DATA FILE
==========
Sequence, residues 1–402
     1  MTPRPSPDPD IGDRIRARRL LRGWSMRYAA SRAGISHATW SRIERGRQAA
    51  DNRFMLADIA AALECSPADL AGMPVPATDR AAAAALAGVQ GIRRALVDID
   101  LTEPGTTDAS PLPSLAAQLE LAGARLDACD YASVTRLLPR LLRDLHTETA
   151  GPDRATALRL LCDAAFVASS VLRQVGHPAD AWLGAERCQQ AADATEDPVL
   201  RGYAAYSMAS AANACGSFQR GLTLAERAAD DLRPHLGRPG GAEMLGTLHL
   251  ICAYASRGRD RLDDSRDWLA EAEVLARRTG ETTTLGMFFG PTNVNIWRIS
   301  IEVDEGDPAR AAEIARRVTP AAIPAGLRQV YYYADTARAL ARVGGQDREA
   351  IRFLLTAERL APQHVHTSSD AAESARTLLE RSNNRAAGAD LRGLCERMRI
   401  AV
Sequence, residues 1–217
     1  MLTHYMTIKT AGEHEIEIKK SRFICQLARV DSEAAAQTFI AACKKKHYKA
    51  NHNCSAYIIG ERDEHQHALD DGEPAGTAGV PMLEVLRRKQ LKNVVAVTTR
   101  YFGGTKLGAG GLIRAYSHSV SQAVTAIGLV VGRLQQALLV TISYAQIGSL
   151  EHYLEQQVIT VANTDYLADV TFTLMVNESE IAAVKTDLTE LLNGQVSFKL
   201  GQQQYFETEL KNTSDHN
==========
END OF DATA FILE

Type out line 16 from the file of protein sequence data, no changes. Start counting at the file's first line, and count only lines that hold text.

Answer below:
   201  GQQQYFETEL KNTSDHN